When your child misbehaves, how do you react? Do you get angry and criticize? Do you immediately think about punishment? There’s a better way that will make everyone feel a lot better and also yields better results: Before you make a correction, make a connection.
Extensive research shows that we cannot influence our children—in other words, change their behavior—unless we first have a strong emotional connection with them. That’s why, when faced with unwanted behavior, it’s often better to focus on the relationship with the child rather than the misdeed at hand.
So next time your child, say, hurls a cup of juice across the room, take a breath, and get into connection mode. Here’s how.
- Stop doing whatever you are doing and give your child your full focused attention. Really listen to whatever it is the he is saying. This keeps bad behavior from escalating.
- Validate your child’s feelings and give him some language to talk about them. This can be hard if he’s just done something that really pushes your buttons, but there’s a reason to start with your child’s feelings: Children will only be able to really listen to you after they feel listened to. Take the juice-hurling example. A parent might say something like, Wow, that was a really big throw, you must be SUPER mad. Like an elephant-tearing-down-a-tree mad. Am I right?
- When your child has calmed a bit, then it’s your turn to share your feelings, which are every bit as valid. When I see the juice all over the floor I feel discouraged because I want our house to be a comfortable place for our family. If I have to mop the floor, I have to stay up later and I’m really feeling tired.
- After a cooling off period, focus on solutions with your child—and remember your sense of humor! This mess is super huge, maybe we need the ShopVac. Or What would you like for your cleaning up music? “Frozen” or “Uptown Funk”?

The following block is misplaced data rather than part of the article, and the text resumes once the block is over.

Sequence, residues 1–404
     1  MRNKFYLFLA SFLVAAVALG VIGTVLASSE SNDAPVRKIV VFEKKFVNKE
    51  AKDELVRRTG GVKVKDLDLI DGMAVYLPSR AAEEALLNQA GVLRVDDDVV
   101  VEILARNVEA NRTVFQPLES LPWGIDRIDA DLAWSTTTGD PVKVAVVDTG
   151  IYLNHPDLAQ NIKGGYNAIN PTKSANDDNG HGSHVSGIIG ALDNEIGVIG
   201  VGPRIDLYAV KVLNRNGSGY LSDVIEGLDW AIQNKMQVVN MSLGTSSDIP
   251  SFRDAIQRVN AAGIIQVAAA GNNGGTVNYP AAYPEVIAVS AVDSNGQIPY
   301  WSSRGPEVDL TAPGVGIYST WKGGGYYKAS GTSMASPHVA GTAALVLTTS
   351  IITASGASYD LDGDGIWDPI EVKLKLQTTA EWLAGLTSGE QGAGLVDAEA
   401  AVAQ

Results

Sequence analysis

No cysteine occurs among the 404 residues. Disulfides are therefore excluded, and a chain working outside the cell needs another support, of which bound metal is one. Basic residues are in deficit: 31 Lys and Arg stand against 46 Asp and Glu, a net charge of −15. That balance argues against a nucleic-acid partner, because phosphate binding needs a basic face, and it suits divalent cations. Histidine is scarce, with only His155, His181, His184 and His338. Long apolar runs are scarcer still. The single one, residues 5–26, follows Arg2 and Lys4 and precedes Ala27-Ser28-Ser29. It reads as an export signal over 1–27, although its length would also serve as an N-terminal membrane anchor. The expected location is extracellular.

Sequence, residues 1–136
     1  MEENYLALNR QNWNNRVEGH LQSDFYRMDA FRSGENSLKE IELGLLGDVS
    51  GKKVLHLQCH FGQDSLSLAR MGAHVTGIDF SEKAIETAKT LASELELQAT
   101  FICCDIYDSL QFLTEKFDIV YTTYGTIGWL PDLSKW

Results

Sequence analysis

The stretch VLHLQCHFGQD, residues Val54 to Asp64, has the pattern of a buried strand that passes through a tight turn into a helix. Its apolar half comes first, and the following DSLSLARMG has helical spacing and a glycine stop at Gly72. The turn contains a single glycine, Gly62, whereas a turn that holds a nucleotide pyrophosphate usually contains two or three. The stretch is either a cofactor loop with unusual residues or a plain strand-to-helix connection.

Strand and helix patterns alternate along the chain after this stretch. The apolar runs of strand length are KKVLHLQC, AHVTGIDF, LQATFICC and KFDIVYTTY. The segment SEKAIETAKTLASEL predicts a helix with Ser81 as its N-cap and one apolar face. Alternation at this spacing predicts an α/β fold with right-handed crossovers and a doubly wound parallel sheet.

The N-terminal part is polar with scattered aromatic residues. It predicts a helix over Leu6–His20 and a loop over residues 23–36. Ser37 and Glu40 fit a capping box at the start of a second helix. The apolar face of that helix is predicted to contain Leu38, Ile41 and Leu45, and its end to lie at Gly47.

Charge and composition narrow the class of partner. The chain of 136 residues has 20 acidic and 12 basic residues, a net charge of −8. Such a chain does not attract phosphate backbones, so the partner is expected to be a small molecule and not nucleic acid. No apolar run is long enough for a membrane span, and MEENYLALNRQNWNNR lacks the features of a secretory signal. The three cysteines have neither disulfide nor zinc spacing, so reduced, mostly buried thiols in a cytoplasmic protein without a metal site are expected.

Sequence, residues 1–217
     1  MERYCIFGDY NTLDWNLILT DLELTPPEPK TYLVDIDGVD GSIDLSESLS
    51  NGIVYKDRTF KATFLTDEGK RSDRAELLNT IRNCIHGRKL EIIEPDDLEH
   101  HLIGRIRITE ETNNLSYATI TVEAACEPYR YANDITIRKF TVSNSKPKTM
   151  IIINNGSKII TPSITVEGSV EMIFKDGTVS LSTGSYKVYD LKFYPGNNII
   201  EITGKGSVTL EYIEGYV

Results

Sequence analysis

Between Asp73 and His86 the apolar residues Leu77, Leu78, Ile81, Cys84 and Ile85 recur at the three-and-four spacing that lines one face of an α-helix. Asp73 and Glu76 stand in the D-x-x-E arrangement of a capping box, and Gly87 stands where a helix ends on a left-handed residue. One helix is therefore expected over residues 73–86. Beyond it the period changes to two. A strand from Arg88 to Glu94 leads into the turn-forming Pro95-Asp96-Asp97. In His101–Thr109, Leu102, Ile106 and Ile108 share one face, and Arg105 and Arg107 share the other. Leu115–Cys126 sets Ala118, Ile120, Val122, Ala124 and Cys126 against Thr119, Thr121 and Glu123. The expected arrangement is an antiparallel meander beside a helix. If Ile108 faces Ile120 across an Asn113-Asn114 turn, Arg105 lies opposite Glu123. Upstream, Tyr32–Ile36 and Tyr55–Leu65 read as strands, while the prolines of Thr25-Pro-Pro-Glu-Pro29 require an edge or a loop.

- Instead of imposing consequences, ask curiosity questions. Asking genuine questions about what happened (and listening to the answers) helps children thoughtfully explore the results of their choices. How do you feel about what happened? How can you do it differently in the future?
- Give hugs. As silly as this sounds, there are times when all of us need nothing more than a hug.
- Spend special time with your child when they are not misbehaving. What would create a greater connection for your child than to spend one on one time with him or her?
Of course, the need for correction is a must in families, but it’s minor, really, in comparison to creating real connections, which can last a lifetime. The quality of the relationship we create with our children will profoundly influence the outcome of our biggest job ever—helping them become autonomous, wonderful people in the world.
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